The day did not pass in a blur. It passed slowly, slowly, a microscosm of his illness of the past 24 years. I got the phone call, crumpled. But then the flight was not until one in the morning, and it was only three in the afternoon. I sat down, had a cup of water. It squirmed it my belly for a while. Then I packed, cleaned up from lunch, cleaned up from not lunch, did laundry, did more laundry, did more laundry than was neccessary, rearranged the toys, sponga-ed the apartment, sponga-ed the hallway outside the aprtment, sponga-ed the steps in the building, took out the garbage.
Time passed slowly, slowly, and I had tea and a few crackers. The baby squirmed and wiggled and cried the whole flight, and I had this wierd resentment of him, of Outdoorsman, of everyone on the flight who was not my mother. Which was everyone. We landed and we inched along in the painfully slow traffic.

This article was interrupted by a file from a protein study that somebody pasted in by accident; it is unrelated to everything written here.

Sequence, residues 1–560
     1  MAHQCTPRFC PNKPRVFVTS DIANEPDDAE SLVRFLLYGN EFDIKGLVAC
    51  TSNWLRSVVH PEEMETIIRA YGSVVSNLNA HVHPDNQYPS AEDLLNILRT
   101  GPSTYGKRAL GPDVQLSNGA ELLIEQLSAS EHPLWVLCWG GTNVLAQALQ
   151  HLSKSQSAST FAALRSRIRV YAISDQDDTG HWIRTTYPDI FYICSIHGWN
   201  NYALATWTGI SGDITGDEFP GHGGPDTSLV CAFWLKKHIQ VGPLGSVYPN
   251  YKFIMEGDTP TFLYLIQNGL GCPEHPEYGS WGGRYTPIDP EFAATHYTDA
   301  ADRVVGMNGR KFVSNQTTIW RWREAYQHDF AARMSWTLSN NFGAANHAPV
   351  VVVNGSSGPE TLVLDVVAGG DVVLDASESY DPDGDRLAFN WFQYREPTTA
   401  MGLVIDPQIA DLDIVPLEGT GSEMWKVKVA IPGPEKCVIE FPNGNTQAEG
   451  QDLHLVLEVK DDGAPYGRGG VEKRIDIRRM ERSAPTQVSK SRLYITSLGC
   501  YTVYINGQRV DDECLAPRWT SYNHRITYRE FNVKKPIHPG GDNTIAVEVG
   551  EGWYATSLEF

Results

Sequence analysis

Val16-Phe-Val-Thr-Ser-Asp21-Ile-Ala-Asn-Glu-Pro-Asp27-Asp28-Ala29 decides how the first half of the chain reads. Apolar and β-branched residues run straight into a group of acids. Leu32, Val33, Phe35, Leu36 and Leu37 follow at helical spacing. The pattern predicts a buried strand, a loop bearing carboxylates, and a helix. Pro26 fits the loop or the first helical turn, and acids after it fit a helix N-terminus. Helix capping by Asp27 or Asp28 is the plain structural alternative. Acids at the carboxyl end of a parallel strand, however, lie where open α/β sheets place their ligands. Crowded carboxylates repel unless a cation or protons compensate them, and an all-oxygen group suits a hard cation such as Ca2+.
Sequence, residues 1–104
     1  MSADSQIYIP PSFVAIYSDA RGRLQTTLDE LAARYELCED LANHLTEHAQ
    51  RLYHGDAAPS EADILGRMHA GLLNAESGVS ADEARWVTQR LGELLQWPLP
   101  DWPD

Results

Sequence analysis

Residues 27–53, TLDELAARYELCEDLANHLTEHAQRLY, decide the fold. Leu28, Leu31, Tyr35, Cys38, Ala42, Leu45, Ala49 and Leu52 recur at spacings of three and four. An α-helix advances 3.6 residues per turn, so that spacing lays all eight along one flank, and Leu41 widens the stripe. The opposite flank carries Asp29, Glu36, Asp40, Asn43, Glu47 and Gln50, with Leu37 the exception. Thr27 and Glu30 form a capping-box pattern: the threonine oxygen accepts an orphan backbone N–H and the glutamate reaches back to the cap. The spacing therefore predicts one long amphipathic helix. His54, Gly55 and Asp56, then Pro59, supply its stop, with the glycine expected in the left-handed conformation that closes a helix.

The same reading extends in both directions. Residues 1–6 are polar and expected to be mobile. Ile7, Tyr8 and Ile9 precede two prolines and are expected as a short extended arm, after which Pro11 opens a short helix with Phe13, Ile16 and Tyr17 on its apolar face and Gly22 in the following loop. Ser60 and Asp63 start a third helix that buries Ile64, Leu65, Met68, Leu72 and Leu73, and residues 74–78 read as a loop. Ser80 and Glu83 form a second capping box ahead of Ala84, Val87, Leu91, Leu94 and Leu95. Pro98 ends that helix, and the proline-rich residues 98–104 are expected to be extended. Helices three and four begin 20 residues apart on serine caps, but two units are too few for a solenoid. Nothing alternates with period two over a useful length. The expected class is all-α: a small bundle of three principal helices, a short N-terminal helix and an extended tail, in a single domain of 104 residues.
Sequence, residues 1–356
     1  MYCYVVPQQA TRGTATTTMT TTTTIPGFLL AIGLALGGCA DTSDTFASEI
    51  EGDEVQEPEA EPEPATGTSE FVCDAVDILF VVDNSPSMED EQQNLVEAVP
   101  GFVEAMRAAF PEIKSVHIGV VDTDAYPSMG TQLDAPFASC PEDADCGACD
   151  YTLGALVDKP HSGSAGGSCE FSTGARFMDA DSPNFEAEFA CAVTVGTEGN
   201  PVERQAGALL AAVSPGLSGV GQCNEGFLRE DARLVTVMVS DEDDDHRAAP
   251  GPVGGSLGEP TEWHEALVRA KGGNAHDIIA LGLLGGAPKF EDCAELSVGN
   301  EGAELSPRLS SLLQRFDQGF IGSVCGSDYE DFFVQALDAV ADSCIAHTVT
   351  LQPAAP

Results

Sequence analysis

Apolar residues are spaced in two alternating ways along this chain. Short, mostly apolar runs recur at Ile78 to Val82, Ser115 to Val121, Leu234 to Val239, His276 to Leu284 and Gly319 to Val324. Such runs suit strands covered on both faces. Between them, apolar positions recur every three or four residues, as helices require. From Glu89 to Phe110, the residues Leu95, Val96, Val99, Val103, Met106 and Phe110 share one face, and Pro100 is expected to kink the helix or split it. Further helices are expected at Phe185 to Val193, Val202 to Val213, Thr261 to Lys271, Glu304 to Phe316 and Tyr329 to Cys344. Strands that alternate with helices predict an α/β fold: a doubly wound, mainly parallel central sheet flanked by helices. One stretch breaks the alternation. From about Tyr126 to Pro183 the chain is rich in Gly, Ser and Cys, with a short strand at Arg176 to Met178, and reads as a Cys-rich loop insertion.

My mother called.
"He's still here, D." she said.
"He's waiting for you."
But he was not waiting for me. Or at least, he was not only waiting for me. Because I hugged him and kissed him and cried and told him I was here and I love him. His mouth gaped, bloodied and sore. His eyes were opened, glazed and unseeing. Or maybe seeing everything.
But still, he waited. Still, he is waiting. For everyone to be there? For no one to be there?
He shouldn't be here, the doctor says. No one can live with failed kidneys and their lungs filling with blood. He is brain dead, he said. He had two cardiac arrests and is bleeding out from everywhere. He is not really breathing, the machine is.
Don't unplug him, came the startling answer from the rav. Do everything you can to keep him alive.
Is he alive? I know his neshama is here, hovering over his bed. Hovering over us all. I keep feeling like he is going to turn to me while I am whispering in his ear and say, boo!
But he won't. So we wait. And wait. While I write slow Frank O'Hara poetry in my head and keep taking showers.